Annual weeds and tiny grasses can be ignored because they will be smothered by the thick coverings.
Second, top it over with a layer of high-quality soil that’s two to three inches thick. While not required, you can add some composted manure to this layer if you have any on hand.
Third, set the potted plants in their designated locations. As you might expect, transplanting plants around at this stage is far less of a hassle than doing so after digging holes.
I know this is the most difficult part. It may look barren now, but take it from someone who has transplanted more than her fair share of weedy plants: make some room for development. Perennials Shrubs are permanent features, so give them room to develop to their full potential, ideally in a spot where you won’t need to prune them to control their size.
After you’ve settled on a location for your plants, move on to step four: actually digging the holes. Make the plant holes twice as big as the container, and incorporate part of the good soil and compost rather than digging the entire bed (which, to be honest, we’ve never done).
For bushes, in particular, we have found this to be really effective. Use a combination of the original soil and healthy compost to fill in the spaces surrounding your plants.
Never fill a hole entirely with new dirt; leave at least some of the old soil in there. If not, the roots can get used to the new soil and become stunted when they hit the old soil’s “wall.”
The roots will be more securely planted in the ground if the soil is tamped down around them (I actually use my foot, stepping around the plant gently).
Finally, water each plant well. Watering may cause the soil surrounding it to sink, in which case you can add some extra dirt to the area.
Make use of a drip irrigation system or a soaker hose, and set it up. Those of us without sprinkler systems will appreciate this advice, as it is essential for maintaining a lush garden with minimal effort.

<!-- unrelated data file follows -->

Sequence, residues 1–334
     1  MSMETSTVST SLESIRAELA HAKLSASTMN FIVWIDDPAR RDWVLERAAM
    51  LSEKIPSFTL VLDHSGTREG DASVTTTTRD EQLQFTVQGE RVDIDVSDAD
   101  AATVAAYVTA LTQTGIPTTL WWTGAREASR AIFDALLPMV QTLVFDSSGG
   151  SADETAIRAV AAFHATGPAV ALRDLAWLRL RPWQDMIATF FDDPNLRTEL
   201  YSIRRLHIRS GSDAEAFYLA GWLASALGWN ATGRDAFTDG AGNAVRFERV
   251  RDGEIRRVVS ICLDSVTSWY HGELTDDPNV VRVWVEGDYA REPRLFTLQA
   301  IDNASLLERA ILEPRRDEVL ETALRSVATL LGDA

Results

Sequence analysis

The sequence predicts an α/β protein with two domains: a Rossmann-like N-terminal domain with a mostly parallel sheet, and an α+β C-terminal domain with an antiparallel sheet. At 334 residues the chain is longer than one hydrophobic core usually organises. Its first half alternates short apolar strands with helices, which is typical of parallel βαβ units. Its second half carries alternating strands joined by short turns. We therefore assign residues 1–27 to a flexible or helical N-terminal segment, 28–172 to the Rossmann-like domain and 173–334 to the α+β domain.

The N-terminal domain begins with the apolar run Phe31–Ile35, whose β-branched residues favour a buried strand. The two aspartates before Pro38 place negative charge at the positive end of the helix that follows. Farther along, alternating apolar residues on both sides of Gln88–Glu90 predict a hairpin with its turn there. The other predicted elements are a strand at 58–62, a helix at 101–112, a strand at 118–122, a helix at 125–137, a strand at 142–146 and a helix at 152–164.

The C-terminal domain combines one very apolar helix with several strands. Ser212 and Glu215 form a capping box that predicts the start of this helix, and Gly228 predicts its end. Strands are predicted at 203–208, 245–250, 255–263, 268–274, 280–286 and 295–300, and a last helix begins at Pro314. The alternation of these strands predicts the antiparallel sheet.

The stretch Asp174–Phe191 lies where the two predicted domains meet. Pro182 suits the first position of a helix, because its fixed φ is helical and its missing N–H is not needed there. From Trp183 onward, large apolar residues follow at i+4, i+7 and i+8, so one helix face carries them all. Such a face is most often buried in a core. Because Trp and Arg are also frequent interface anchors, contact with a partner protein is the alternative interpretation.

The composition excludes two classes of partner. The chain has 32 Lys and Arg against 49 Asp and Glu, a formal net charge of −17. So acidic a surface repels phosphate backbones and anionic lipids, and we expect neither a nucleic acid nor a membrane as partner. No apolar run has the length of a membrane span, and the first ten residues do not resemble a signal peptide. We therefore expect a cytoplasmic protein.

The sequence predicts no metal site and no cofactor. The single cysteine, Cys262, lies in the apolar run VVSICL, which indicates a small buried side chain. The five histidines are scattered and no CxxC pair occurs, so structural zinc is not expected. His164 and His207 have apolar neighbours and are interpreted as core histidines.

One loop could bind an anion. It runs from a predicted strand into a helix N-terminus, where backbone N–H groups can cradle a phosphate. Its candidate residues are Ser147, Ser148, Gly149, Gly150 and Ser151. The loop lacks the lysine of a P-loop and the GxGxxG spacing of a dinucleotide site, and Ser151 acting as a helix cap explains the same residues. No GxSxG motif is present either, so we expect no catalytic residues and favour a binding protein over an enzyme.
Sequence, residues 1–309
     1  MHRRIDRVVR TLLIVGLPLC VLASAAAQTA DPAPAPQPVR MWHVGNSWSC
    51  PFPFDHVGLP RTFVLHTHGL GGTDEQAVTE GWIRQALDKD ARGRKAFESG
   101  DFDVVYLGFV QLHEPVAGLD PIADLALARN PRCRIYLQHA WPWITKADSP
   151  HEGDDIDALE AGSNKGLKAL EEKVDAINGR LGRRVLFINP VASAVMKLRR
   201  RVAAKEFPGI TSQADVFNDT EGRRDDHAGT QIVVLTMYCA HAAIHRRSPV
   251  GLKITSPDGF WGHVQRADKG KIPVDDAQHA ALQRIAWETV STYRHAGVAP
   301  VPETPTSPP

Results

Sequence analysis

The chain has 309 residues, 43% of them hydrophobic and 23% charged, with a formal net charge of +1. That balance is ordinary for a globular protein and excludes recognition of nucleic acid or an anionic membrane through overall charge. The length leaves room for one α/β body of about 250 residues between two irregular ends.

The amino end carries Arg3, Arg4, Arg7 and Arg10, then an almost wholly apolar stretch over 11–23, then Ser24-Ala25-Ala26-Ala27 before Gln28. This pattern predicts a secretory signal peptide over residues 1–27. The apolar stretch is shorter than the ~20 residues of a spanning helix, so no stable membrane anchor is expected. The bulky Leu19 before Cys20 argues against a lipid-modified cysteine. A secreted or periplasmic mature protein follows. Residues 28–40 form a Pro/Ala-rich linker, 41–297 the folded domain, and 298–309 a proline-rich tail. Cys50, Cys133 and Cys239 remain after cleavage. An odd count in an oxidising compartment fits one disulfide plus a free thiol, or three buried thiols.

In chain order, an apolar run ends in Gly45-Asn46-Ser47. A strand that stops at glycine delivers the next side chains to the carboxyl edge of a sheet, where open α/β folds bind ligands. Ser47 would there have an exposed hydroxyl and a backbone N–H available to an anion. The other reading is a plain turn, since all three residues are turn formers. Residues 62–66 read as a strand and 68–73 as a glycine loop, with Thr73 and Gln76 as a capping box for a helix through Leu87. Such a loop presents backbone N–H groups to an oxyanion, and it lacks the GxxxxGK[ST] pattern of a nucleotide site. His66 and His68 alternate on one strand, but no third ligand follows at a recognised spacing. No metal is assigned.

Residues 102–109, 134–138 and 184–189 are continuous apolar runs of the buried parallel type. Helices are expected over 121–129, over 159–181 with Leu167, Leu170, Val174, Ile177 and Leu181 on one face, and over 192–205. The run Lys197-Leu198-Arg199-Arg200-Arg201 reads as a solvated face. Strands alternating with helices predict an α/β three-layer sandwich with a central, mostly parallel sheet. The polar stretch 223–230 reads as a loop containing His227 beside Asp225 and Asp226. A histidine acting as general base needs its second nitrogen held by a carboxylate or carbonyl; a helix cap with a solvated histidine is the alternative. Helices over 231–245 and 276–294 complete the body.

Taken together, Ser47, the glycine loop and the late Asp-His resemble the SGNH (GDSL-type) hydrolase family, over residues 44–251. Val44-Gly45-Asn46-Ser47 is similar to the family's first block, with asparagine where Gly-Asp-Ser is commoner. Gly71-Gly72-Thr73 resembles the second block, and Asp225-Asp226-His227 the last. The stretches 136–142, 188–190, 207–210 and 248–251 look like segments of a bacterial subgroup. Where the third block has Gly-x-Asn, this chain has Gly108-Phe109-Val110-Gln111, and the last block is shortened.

The healthiest, most drought- and heat-resistant plants have deep roots, which can only grow with infrequent, deep watering. Unless you don’t have enough hose, place the hose near each plant rather than circling them.
Seven, protect the whole area by covering it with several sheets of newspaper or cardboard stacked on top of one another. We used cardboard, which lasted a little longer than newspaper because we weren’t going to be planting anything else in this bed very soon.
The top mulch layer can work as a fertilizer every time it rains or is watered when utilizing a layer that composts down in a few years.
Professional landscape cloth (very professional; don’t use the basic types, or you’ll create a bigger maintenance mess for yourself in a few years as the weeds just grow into it) can be used, but I recommend waiting several years after making the bed before laying it down. This will give the soil time to absorb all the nutrients.
It’s easy to be put off by the idea of constructing a flower bed from scratch, but in reality, any do-it-yourselfer or avid gardener can do it. When you’re standing in awe of your stunning blooms, all of the effort and time you put into planning, arranging, and preparing will seem worthwhile.